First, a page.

Marvin, once upon a very lucky day, not long after moving to the DC area, I learned you were performing at Wolf Trap. Once upon another very lucky day I had adopted a little two year-old boy, only to discover that he was without question, a musician, a classical musician, a jazz musician, but in his heart and soul a composer and instrumentalist exploding with music that belongs on film and on theatre stages. I told him that I was taking him to see and hear you. Josh almost always has a violin with him. We went to a pre-concert lecture that Emil de Cou was giving, and he noticed Josh because he was the only kid there and because he had a violin case attached to his back. He invited us to go backstage after the show. We met you, and while we were talking, Holly Hamilton walked by. She looked at you and said, “This kid is a talent … a real talent.” With that, you looked at us and said that we should make an appointment to meet with you the next time you were in town. All you had to do was shake hands and say an encouraging word to a young kid, perhaps sign an autograph, but being Marvin, you did much, much more.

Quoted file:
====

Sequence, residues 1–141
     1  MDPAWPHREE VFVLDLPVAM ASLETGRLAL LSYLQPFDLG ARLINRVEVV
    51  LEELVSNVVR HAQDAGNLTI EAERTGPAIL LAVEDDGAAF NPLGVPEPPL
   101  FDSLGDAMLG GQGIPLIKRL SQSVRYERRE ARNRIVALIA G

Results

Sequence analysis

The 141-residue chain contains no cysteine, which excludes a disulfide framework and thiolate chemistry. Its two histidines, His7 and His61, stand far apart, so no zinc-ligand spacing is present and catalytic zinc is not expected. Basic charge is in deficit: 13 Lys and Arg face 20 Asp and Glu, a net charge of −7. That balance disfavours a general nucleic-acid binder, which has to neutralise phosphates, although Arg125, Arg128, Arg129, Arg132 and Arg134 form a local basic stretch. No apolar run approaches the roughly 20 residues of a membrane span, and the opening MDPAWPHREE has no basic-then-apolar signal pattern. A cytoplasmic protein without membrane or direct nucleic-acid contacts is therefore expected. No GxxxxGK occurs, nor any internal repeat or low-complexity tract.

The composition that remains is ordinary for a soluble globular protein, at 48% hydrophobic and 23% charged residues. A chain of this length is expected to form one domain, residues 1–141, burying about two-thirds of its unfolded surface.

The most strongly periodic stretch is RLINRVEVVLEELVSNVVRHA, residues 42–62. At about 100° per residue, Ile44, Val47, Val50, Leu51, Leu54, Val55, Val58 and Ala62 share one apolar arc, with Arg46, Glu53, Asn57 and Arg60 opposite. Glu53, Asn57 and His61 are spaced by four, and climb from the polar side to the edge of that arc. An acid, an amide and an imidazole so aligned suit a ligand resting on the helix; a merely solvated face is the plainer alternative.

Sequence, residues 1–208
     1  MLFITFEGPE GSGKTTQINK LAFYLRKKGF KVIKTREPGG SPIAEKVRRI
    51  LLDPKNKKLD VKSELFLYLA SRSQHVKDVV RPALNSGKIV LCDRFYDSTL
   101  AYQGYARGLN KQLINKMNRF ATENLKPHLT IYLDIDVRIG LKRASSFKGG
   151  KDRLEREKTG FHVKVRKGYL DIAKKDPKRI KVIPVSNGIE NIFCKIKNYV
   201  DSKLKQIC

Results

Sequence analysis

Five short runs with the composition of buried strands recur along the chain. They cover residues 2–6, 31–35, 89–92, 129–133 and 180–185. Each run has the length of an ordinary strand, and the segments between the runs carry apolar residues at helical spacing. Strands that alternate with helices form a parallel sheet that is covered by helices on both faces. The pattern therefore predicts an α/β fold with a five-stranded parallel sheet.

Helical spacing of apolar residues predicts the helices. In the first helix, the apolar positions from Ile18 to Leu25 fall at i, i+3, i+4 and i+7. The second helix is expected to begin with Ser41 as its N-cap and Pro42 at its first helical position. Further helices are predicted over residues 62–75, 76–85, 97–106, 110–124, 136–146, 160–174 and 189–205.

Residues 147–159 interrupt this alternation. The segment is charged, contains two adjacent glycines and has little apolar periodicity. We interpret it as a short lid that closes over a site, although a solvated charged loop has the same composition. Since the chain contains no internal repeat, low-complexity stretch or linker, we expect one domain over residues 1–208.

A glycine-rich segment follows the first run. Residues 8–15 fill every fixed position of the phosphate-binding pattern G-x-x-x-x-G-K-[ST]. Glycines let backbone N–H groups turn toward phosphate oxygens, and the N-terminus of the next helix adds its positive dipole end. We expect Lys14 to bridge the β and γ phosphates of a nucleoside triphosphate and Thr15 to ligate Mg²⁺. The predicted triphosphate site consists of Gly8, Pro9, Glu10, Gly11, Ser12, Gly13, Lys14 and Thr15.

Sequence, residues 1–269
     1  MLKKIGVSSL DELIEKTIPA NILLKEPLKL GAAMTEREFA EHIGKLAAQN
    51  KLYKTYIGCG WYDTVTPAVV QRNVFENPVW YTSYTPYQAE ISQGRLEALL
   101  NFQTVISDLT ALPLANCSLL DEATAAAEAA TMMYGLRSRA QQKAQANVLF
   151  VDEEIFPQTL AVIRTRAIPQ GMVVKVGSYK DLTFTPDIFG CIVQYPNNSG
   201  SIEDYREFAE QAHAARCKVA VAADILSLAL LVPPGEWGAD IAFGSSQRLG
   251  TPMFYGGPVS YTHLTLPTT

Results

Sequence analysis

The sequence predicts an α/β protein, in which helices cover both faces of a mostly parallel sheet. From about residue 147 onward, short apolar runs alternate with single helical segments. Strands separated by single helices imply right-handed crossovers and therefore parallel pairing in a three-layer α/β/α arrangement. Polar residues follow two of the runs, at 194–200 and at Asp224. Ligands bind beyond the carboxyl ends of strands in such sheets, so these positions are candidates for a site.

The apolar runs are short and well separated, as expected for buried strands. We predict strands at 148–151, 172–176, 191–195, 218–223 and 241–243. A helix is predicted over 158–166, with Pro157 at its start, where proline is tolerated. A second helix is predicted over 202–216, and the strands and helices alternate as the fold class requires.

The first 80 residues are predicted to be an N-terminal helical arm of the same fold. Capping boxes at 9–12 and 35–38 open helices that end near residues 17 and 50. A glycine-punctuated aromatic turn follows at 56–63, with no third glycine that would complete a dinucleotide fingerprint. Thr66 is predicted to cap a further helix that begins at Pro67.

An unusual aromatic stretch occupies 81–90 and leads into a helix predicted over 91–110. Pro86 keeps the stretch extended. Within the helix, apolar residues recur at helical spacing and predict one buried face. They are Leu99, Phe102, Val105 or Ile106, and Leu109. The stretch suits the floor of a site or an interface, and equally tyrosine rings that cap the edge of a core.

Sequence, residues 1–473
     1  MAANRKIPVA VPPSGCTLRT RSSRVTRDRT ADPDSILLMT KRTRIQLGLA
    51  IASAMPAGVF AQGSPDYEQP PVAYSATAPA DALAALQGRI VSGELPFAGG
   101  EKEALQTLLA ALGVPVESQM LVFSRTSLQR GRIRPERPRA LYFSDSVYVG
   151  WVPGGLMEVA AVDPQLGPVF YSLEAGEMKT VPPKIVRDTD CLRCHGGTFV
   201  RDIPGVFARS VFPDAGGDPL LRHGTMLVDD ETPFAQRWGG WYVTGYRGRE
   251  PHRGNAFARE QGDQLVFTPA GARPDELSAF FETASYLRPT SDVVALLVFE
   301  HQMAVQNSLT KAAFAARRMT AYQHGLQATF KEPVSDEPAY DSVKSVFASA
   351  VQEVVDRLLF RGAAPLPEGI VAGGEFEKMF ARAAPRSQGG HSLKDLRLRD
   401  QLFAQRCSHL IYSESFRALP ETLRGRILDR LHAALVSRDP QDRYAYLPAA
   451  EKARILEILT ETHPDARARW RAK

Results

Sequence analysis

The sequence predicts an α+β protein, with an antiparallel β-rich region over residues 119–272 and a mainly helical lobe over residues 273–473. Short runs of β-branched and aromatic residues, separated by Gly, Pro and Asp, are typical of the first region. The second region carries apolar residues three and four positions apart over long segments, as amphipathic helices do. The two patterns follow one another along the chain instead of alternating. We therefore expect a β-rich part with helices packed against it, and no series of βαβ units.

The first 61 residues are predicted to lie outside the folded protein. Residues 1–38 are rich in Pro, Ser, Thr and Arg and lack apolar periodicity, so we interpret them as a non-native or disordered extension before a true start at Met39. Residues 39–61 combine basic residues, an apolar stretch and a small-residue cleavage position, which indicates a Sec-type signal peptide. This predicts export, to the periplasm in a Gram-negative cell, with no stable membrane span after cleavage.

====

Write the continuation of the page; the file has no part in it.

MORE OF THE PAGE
Josh was barely into high school, but he was studying, he was composing, and he was performing. He was still a child. Suddenly we were meeting you backstage before and after concerts and rehearsals, we were spending entire afternoons in a backstage office or at your hotel, with you going over scores note-by-note, listening to Josh play, mentoring, advising, and always encouraging. You said you were going to do all of this the first time we met together, and you kept your word. I would like to ask you if you knew how much this means to an emerging talent, but I know you knew, because you once were one of these kids you helped – no matter how many orchestras you were leading, no matter how many films and stage shows you were scoring, no matter what. I spoke to you just a couple of weeks ago, and you were making time even then. Thank you.